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Greek Religion

Athena protects her
(Andokides Painter, ca. 520 BC)

Greek religion was a mixture of old Minoan beliefs, Central Asian gods that the Indo-Europeans brought to Greece, and West Asian ideas they got from their neighbors. Like all of those people, people in ancient Greece believed that there were invisible, powerful gods and spirits that could control what happened to you. Most people also thought that you could control those gods and spirits through sacrifice, prayer, and living a good life.

The most important spirits and gods were natural things like rain and how plants grew. If you controlled these successfully, you would have enough food, and if not, you might starve. People also tried to control other natural forces like earthquakes, volcanoes, ocean storms, and plagues. And they prayed to win battles and wars. Usually whole towns prayed and sacrificed together for these big things. When an earthquake or a plague hit a town, people thought it must be something the whole town had done wrong, or maybe something the rulers of the town had done wrong, like King Oedipus killing his father.

procession of men and women sacrificing an animal
Sacrificial procession (Pitsa, ca. 530 BC)

In your own family, you prayed and sacrificed for a sick child, a safe trip, or success in a race or at school. People who were slaves prayed for their freedom.

Most people thought it mattered how you behaved, too - good people had good things happen to them, and bad things happened to bad people. People told stories about the gods to teach children how to behave. Many stories warned against hubris - thinking you were better than the gods - and against greed and cheating.

To find out what you should do, a lot of people went to oracles - special people or places where the gods or spirits would answer your questions. There were expensive oracles for rich people and towns, and simple oracles for ordinary people. People asked what medicine a sick person should take, and whether this was a good time to start a new business or a war, and also philosophical questions like what was the most beautiful thing?

girl on stool facing bearded man
Consulting the Delphic oracle

Sometime people who felt they needed a fresh start with the gods joined a mystery cult, where you did special rituals and sacrifices and tried to form a special, closer relationship with a particular god or spirit. For most people in ancient Greece, the gods were always around them, paying attention to everything they did, and an important part of success in life was keeping on the right side of the gods. In the Archaic period, most people didn't think much about life after death, but gradually - maybe influenced by Buddhism and Zoroastrianism - people began to think about the afterlife more, until by the Hellenistic period, about 200 BC, a lot of people did think that good people went to heaven and bad people went to hell.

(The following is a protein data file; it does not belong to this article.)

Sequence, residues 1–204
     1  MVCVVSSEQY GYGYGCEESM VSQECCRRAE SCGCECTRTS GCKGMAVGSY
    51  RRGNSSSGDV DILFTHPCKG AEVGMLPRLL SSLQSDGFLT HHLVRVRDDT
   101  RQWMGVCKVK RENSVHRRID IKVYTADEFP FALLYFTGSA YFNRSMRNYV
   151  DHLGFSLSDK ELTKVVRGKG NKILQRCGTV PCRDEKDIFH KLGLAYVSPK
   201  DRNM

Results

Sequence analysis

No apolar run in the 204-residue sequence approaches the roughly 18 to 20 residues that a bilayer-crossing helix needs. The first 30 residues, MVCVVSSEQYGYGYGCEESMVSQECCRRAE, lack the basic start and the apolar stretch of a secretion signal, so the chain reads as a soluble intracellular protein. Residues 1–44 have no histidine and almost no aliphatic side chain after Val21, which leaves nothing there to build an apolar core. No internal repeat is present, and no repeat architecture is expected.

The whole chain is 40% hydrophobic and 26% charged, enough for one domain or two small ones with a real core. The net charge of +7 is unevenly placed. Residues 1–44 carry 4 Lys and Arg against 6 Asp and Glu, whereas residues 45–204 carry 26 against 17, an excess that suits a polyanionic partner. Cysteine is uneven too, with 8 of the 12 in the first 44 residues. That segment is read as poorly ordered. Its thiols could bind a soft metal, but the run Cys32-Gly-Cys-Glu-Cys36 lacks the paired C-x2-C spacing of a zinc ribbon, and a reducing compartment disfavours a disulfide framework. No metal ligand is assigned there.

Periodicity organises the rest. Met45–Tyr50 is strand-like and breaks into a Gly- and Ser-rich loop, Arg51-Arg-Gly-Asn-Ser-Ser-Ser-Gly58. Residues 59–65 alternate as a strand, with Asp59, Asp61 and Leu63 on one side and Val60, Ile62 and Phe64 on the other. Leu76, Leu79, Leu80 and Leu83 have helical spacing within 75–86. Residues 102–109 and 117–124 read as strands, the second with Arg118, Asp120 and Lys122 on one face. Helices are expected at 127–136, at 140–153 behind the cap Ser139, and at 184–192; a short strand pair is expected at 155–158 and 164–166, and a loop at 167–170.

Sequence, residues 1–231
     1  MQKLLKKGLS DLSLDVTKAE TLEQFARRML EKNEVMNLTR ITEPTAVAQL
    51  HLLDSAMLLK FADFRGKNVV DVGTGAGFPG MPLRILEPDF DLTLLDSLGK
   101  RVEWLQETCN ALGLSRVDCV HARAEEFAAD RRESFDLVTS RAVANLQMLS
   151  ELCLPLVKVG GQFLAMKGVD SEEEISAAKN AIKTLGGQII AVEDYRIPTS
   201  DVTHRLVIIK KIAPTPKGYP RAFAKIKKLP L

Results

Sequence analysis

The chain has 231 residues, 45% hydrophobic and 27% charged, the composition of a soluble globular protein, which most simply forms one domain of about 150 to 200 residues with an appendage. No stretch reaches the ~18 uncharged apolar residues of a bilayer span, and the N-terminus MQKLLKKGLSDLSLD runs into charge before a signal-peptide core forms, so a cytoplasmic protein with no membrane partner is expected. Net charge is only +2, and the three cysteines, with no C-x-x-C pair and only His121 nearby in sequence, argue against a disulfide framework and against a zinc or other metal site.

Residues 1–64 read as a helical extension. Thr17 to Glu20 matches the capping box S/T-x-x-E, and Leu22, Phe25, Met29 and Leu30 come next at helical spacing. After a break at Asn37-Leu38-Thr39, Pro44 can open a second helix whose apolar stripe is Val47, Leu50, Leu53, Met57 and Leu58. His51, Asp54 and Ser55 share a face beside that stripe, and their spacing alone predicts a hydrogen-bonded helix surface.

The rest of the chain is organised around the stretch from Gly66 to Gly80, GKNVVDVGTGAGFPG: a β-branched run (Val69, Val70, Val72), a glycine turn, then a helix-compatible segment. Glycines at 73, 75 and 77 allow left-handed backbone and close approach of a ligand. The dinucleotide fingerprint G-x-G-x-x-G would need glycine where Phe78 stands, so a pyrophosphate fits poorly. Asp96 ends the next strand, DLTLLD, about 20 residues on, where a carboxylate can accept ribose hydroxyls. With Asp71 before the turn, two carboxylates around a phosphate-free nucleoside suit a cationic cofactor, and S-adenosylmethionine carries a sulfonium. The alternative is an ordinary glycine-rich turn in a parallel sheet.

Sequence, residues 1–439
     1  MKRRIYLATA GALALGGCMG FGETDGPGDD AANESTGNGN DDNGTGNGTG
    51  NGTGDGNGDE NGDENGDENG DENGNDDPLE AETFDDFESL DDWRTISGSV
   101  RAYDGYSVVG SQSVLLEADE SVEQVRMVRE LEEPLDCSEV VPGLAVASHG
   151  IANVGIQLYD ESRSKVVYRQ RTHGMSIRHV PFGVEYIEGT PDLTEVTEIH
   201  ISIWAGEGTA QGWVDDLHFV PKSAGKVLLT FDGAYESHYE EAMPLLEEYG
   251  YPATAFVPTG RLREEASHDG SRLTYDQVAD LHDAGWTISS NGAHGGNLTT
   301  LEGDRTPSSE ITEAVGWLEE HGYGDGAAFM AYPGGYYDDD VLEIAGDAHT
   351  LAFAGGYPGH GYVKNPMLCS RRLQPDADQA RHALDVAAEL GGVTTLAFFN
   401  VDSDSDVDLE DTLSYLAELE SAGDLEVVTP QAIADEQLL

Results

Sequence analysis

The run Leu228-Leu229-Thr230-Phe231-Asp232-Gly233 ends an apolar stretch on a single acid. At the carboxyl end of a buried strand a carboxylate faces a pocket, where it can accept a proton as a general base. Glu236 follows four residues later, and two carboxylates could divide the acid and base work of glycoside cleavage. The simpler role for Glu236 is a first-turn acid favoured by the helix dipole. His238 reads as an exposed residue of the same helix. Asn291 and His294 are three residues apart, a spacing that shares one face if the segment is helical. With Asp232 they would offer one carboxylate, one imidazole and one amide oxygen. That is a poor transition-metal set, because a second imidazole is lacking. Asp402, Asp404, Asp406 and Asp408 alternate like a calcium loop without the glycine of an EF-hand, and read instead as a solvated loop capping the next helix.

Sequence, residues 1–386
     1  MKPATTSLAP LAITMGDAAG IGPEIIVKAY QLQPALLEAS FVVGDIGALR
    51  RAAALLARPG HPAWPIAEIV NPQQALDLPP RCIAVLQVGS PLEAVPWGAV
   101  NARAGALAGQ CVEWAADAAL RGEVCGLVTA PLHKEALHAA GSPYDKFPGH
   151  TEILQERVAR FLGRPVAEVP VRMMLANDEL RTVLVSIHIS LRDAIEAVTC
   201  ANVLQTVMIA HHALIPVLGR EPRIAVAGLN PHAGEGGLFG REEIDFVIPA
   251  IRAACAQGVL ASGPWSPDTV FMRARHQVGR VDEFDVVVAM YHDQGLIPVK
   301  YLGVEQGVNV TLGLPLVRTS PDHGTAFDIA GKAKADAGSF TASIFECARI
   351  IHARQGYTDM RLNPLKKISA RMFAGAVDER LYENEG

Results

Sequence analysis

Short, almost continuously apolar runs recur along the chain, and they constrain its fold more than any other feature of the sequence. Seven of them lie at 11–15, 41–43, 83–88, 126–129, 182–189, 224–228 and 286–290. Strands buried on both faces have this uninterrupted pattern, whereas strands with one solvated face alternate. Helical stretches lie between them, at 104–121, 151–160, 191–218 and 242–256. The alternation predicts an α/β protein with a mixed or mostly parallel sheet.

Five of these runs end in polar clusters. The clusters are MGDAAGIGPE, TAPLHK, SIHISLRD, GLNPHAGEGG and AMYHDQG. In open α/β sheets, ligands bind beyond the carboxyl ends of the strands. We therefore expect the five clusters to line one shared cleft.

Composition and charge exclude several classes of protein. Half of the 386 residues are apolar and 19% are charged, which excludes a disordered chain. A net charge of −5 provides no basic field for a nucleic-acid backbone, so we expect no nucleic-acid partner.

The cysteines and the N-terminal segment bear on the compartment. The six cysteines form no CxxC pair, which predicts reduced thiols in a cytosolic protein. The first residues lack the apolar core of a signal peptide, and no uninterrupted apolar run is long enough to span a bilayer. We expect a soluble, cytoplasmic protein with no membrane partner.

Learn by doing: Greek Gods Bingo
More about Greek mythology

Bibliography and further reading about Greek mythology:

Greek Myths for Young Children, by Heather Amery (Usborne, 2000). My niece really likes this one. For younger children.

Greek Myths for Young Children, by Marcia Williams (1995). In comic-book format. My son loved it.

D'aulaire's Book of Greek Myths, by Edgar and Ingri D'Aulaire. For older kids.

Mythology by Lady Hestia Evans, Dugald A. Steer (Editor)(2007) - My daughter loved this one! A new book in the Fairyopolis, Dragonology, etc. series.

Pandora's Box: A Three-Dimensional Celebration of the Mythology of Ancient Greece, by Sara Maitland and Christos Kondeatis (1995). Not really about Pandora specifically, but a complex of stories, games, and puzzles about Greek mythology. All ages.

Greek Religion, by Walter Burkert (reprinted 1987). By a leading expert. He has sections on each of the Greek gods, and discusses the deeper meanings of the Greek myths, and their function in Greek society.

Teaching and Dramatizing Greek Myths, by Josephine Davidson (1990). Advice for middle school teachers on teaching Greek myths by having the students write and perform skits.

More about Greek mythology
Ancient Greece home

Professor Carr

Karen Eva Carr, PhD.
Assoc. Professor Emerita, History
Portland State University

Professor Carr holds a B.A. with high honors from Cornell University in classics and archaeology, and her M.A. and PhD. from the University of Michigan in Classical Art and Archaeology. She has excavated in Scotland, Cyprus, Greece, Israel, and Tunisia, and she has been teaching history to university students for a very long time.

Professor Carr's PSU page

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